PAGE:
PM Boris Johnson has promised “full fibre” to the UK by 2025, calling current plans committing to the same goal by 2033 as “laughably unambitious”.

Laughable it may be, but the UK still has a long way to go to reach its full-fibre goal. In January 2019, fibre coverage was around 7%, according to government statistics, with Openreach extending this by approximately 80,000 homes a month. However, they would need to build out at five times this speed to meet Johnson’s target. Currently, they’re on track to pass four million doors by March 2021 and 15 million “by the mid 2020s”. The caveat being “if the conditions are right to invest”.

And herein lies the problem. A letter sent to Johnson by the Internet Services Providers Association, the Federation of Communication Services and the Independent Networks Co-operative Association (INCA), whose members include Google, BT, Sky, Gigaclear, CityFibre, Hyperoptic, Virgin and Vodafone, notes that fibre is currently taxed as if it were business premises, raising the cost of investment.

There’s also a massive assumption that the £33 billion estimated cost of providing full fibre will be largely funded by the industry. The hardest 10% of areas will be subsidised via the Rural Gigabit Voucher Scheme, but the government assumes the remaining 90% is economically viable for operators. However, approximately  20-25% of the country are in the grey area of being ‘economically uninteresting’ because of likely low returns. While some areas struggle to attract a single provider, others have multiple providers and suffer from “overbuilding”, where too many providers race to add fibre in the same area. This is equally inefficient, and although some argue it boosts competition, competing on infrastructure rather than services drains CAPEX out of the industry. Co-ordinating a national build out would require the government to intervene and agree rules that preserve competition and promote choice.

The letter also raises the spectre of wayleaves, saying that landlords are often unresponsive and urging the government to force landlords to provide access. Currently about 4 in 10 MDUs are inaccessible due to absent landlords, according to Openreach.

The letter points out that government delays in making critical decision means that newbuilds continue to be constructed without fibre being built in, increasing inefficiency and making targets harder to meet.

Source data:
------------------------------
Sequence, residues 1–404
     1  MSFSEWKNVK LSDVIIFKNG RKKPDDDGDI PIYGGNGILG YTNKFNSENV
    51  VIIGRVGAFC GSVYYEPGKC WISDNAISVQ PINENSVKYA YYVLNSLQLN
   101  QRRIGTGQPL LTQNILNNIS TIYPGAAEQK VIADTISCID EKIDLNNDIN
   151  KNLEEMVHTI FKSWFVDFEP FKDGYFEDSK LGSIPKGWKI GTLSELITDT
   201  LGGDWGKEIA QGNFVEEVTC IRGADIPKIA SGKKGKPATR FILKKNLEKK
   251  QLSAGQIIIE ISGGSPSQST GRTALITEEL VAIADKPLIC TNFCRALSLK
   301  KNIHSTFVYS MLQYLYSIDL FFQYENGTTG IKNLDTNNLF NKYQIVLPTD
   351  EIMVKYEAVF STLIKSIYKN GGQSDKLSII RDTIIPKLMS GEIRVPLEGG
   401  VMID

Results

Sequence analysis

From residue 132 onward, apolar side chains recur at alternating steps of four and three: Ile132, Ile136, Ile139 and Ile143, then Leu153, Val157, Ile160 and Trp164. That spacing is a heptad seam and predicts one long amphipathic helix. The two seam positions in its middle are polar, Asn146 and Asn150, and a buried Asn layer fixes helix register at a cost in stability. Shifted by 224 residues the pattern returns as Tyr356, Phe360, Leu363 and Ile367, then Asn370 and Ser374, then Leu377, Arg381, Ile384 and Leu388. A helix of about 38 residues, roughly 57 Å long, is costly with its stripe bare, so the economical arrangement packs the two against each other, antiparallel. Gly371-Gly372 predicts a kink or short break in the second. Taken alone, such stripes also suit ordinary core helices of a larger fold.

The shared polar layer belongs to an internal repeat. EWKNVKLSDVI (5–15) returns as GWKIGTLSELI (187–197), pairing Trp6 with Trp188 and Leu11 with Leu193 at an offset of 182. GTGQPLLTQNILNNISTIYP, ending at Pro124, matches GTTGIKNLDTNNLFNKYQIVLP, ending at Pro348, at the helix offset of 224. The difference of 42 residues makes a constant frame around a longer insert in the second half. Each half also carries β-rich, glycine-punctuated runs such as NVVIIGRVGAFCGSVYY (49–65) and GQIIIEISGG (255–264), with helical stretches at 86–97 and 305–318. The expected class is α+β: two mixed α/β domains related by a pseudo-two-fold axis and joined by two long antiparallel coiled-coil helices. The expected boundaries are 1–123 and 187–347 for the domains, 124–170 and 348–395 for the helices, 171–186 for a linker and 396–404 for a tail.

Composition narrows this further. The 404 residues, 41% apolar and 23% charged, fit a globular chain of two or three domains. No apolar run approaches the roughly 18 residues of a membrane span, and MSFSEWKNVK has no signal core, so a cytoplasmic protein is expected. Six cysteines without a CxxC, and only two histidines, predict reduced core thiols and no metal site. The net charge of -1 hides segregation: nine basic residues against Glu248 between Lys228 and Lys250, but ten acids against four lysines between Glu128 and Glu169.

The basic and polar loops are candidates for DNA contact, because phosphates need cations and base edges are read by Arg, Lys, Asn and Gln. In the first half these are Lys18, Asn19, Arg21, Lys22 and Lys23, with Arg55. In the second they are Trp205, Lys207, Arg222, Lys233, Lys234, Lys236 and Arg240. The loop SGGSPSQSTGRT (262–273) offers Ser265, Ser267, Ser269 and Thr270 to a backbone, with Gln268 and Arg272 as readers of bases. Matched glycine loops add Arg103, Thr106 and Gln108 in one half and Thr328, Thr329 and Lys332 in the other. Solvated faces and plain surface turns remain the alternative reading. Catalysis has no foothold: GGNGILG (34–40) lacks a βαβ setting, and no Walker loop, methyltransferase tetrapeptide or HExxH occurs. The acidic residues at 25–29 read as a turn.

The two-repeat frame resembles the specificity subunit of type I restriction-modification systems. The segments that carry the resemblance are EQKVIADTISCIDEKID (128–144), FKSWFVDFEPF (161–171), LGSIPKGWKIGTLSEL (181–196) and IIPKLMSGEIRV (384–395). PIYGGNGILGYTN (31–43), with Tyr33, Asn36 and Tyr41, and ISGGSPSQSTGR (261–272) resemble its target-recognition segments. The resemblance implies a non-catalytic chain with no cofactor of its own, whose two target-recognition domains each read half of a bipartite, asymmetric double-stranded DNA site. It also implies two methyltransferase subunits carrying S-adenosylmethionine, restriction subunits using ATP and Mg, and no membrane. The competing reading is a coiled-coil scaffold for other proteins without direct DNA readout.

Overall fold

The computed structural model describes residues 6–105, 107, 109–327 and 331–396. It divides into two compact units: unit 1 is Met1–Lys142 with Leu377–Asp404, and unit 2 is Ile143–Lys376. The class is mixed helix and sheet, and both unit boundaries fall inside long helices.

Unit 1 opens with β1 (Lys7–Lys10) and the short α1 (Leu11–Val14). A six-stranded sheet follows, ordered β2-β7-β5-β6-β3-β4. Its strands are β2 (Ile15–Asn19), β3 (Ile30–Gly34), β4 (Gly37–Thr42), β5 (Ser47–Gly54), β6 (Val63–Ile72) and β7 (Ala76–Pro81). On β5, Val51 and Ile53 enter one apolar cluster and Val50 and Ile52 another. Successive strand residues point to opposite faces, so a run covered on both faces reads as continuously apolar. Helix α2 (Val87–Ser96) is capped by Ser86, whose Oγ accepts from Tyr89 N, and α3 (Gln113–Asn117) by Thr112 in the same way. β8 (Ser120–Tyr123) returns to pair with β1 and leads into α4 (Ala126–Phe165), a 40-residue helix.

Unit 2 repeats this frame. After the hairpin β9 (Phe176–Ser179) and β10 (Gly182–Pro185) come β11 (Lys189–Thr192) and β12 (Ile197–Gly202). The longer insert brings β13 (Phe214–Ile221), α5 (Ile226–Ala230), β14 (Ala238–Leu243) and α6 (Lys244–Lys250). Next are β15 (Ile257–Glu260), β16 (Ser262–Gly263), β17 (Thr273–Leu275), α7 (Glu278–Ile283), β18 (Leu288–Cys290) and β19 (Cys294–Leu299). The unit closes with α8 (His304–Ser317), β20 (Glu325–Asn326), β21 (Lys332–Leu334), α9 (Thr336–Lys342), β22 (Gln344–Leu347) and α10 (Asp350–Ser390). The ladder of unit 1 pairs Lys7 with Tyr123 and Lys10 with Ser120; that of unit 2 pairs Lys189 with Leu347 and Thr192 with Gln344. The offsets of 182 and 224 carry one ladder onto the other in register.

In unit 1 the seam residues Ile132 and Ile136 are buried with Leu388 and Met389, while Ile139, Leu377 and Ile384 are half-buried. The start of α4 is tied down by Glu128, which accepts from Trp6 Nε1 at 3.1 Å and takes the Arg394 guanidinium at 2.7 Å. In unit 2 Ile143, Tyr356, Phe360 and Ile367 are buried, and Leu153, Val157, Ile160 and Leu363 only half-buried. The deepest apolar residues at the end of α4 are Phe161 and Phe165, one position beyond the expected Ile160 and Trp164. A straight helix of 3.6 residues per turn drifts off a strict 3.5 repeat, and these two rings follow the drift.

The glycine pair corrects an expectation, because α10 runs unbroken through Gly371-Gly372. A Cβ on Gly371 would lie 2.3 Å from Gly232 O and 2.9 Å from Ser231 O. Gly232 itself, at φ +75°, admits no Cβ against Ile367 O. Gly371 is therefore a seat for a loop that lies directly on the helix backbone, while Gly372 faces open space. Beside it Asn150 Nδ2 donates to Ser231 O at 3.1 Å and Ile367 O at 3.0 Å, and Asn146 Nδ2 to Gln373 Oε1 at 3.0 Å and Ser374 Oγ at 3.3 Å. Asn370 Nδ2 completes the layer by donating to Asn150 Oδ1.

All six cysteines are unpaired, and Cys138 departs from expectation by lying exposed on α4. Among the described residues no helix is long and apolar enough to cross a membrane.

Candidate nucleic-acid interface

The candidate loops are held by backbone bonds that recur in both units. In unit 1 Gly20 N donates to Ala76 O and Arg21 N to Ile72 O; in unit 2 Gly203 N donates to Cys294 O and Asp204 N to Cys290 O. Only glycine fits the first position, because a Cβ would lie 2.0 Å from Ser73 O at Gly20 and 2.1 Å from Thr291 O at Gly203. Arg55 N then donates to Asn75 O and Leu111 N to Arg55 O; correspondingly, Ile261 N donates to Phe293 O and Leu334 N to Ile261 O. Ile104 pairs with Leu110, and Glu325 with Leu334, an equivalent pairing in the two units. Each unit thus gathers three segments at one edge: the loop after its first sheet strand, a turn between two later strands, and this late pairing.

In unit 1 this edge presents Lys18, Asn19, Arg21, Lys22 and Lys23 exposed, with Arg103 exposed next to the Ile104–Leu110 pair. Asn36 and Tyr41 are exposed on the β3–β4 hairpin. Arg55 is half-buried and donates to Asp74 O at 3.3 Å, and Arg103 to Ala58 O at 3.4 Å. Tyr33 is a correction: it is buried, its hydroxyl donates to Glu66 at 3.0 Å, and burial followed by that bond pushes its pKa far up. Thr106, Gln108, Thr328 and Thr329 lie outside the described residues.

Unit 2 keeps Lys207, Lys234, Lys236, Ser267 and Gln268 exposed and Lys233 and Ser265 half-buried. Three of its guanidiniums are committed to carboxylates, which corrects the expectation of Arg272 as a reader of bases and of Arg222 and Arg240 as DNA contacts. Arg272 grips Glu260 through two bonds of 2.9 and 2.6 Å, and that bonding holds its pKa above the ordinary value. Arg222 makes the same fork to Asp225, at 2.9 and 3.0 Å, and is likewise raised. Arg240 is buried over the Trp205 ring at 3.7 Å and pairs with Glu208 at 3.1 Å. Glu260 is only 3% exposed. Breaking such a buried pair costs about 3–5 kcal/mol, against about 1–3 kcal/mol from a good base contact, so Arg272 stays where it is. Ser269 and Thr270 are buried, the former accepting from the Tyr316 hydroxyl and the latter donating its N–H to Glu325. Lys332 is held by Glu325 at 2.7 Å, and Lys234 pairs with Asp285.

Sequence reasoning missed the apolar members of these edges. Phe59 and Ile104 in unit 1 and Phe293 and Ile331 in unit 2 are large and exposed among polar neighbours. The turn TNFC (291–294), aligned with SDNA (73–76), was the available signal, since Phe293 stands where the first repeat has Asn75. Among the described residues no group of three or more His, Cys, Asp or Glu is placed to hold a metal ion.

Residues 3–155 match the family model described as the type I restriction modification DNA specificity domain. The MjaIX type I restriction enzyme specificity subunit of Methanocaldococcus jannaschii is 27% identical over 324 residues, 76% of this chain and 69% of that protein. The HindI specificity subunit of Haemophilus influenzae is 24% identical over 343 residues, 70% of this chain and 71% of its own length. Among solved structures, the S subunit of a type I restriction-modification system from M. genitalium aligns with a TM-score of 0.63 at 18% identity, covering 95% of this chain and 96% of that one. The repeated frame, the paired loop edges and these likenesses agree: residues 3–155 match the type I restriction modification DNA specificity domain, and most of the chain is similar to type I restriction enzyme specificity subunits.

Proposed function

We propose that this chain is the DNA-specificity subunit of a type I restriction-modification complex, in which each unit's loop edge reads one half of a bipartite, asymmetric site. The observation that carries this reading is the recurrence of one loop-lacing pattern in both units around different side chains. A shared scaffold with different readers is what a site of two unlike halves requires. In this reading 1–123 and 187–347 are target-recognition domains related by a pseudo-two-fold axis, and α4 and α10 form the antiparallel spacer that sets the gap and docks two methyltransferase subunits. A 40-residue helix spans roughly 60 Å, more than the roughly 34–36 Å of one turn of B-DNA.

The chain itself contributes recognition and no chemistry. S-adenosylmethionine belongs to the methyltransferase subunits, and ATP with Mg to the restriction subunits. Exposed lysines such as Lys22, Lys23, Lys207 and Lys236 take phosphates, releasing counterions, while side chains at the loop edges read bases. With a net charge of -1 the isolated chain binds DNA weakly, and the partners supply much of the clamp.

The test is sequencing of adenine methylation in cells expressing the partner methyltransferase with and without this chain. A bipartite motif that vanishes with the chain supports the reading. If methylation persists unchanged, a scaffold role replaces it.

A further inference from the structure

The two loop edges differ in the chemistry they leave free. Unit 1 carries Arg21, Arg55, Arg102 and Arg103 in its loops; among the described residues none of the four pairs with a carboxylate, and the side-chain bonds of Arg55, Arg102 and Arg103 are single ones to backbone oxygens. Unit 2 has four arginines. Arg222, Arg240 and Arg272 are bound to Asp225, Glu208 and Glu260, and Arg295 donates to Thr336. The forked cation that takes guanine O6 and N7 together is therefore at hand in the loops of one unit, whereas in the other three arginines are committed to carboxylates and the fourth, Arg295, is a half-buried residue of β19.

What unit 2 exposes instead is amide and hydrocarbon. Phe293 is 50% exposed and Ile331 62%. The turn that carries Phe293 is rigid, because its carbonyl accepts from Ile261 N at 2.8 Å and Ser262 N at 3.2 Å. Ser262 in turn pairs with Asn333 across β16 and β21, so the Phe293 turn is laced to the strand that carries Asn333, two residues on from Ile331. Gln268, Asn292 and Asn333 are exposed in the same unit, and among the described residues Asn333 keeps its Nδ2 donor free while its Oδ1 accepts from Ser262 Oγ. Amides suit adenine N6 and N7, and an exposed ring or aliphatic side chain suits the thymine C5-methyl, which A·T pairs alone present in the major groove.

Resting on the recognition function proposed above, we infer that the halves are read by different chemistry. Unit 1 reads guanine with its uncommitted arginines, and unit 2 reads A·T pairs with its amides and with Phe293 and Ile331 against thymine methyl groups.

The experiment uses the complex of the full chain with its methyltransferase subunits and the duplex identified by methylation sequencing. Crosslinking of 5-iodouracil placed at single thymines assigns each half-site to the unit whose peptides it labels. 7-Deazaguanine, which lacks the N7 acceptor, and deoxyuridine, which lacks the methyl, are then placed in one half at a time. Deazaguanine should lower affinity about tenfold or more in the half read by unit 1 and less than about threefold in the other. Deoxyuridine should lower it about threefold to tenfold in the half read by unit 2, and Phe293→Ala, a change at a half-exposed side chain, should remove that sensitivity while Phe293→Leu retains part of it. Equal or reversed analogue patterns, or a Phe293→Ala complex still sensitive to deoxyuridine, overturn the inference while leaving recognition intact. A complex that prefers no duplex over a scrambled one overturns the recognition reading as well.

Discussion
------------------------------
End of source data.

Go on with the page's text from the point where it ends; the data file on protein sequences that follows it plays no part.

“Work needs to start now, and 100% fibre coverage requires a 100% commitment from government,” the letter notes.

Meanwhile that 7% coverage figure is having an economic drag on the UK’s economy, with other economies benefitting far faster. In comparison, France has around 28% coverage, Spain 71% and Portugal 89%. While Asian tigers such as  Japan (97%) and South Korea (99%) are significantly ahead of their European rivals.

Plans for UK fibre:

  • Gigaclear plans to reach 500,000 rural homes by 2025
  • Hyperoptic will reach five million homes by 2024
  • Openreach is building out fibre at a rate of 80,000 homes a month
  • Virgin Media’s $3 billion Project Lightning will see it reach 2 million premises with FTTP by the end of 2019, and expand its HFC network to reach an additional 2 million premises
  • City Fibre aims to deliver a £2.5 billion 1Gbit/s FTTH broadband network to a 1 million homes in 12 of their existing cities and towns by 2021, saying it might extend this to 5 million
  • TalkTalk plans to invest £1.5 billion to bring 1Gbit/s fibre to 3 million premises
  • INCA says that by 2025, full fibre infrastructure supplied by altnets will cover up to 14.25 million homes and business.

Posted by Teresa Cottam

Teresa is the Chief Analyst at Omnisperience and has over 25 years' experience in the telecoms and technology markets. She is an expert on SME and enterprise telecoms, and has considerable vertical market expertise. Her research focus lies in helping B2B telecoms firms become more commercially successful by better understanding and meeting their customers' needs. She is a judge of the GSMA Global Mobile Awards (GloMo's) for customer experience and enterprise innovation, and for the UK Cloud awards. You can follow her on Twitter @teresacottam

Leave a Reply

Please log in using one of these methods to post your comment:

WordPress.com Logo

You are commenting using your WordPress.com account. Log Out /  Change )

Google photo

You are commenting using your Google account. Log Out /  Change )

Twitter picture

You are commenting using your Twitter account. Log Out /  Change )

Facebook photo

You are commenting using your Facebook account. Log Out /  Change )

Connecting to %s